Am I still anxious? Does this still bother me? And other querulous questions.
It's as if I am poking someone who is sleeping, and saying "Are you sleeping?" poke, poke, poke, and then they wake up. The mental ritual of checking on my anxiety level or sensations is one of the hardest to deal with. I'm sure that some of those reading this blog have had the experience of being consumed by anxiety about a particular obsession or topic and then getting up the next day and the anxiety is gone. I assumed that once anxiety set in, only sleep could fix it, and I would long for it to be the next day.
Even more frustrating is waking up calm, and then remembering my anxiety from the day before and having it all kick up again. My immediate response when remembering an old worry is "Damn, there it is again. Why can't I get it to go away?" It's like a staticky bit of plastic that you try to flick into the trash, and it just clings to your fingers. This is followed by having the urge to check if I am still anxious or if a certain symptom or thought still bothers me, and the more I check, the more entrenched it gets.
I would recogzine anxieties that would probably fade the next day, like fear that I'd chosen the wrong dish off a menu, and I'd be frustrated by my inability to step away from it sooner armed with this knowledge. Knowledge alone is not a match for the anxiety created by OCD. My theory is that sleeping would give me a break from poking at the anxiety, waking it up, and increasing its noisy dominating behavior. It wasn't a magical cure.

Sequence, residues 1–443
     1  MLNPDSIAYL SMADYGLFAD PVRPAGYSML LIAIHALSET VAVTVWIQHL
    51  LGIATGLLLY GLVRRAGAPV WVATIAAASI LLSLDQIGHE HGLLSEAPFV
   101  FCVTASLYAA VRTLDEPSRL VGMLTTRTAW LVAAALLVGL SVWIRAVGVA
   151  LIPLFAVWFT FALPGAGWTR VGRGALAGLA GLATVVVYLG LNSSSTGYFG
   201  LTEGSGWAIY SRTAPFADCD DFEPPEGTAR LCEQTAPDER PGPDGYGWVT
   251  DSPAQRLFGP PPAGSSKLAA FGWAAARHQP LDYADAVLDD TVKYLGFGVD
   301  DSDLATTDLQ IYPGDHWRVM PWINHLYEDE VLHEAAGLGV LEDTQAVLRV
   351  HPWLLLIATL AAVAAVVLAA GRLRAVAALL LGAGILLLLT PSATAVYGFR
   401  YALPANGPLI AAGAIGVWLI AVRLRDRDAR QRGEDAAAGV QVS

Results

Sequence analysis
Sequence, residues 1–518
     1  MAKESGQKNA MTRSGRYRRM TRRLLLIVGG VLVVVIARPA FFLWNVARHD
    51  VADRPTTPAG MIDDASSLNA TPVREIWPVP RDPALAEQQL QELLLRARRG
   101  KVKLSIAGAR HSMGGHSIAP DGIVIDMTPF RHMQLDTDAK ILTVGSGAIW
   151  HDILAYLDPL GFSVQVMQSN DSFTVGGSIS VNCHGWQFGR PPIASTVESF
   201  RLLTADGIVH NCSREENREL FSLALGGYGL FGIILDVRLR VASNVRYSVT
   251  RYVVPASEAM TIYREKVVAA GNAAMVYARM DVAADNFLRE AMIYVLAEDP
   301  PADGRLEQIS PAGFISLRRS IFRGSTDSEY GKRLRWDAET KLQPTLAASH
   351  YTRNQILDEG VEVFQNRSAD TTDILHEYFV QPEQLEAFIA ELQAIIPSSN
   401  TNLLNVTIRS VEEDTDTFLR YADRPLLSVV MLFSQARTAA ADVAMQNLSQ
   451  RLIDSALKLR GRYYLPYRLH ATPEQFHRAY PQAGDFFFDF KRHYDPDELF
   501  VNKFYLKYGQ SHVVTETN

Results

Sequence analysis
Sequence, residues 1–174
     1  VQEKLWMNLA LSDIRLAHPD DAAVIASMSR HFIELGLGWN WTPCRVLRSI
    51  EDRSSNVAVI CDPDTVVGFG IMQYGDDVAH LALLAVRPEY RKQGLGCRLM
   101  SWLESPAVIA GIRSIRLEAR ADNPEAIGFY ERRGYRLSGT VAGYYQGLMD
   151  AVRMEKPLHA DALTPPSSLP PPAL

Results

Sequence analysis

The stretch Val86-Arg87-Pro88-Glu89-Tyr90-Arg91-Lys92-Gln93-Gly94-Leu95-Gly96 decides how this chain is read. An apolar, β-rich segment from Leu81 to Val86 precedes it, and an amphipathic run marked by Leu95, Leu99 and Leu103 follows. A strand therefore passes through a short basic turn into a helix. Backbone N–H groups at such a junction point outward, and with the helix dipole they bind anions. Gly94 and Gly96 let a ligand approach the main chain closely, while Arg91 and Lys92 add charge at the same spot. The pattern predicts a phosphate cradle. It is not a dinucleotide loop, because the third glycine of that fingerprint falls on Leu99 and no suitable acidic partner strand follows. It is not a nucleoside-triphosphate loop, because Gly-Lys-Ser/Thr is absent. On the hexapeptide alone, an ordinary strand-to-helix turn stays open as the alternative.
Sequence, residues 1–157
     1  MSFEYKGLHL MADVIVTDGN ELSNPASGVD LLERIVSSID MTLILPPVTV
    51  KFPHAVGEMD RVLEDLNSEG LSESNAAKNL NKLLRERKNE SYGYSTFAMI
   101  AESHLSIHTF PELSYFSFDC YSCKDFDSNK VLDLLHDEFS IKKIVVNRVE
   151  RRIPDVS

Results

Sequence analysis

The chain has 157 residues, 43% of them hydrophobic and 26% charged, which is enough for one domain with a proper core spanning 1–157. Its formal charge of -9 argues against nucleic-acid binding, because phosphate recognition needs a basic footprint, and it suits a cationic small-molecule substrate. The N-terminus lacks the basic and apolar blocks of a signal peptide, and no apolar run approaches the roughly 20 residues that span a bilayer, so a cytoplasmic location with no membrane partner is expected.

My therapist has encouraged me to let my anxiety producing thoughts into my mental space, letting the noise happen, in fact practicing introducing the noise into my mind, which is an exposure. I usually feel snarly when he suggests this, but I also recognize that the vigilant checking to make sure the intrusive thoughts aren't there repeatedly reminds me of them. And every "Damn there it is again," highlights the thought, magnifies it, makes me exquisitely sensitive to even the threat of a particularly despised thought.
I know this sounds crazy. If you are desperate to avoid a scary thought, and you forget it for a few hours, the last thing you want to hear is the idea of purposely seeking it out, and disrupting that bit of peace. But the peace is fleeting and leads to long term anxiety--I have never been able to force a thought out and make it stay out for good. I have learned that it is possible to enjoy life even with those thoughts making noise.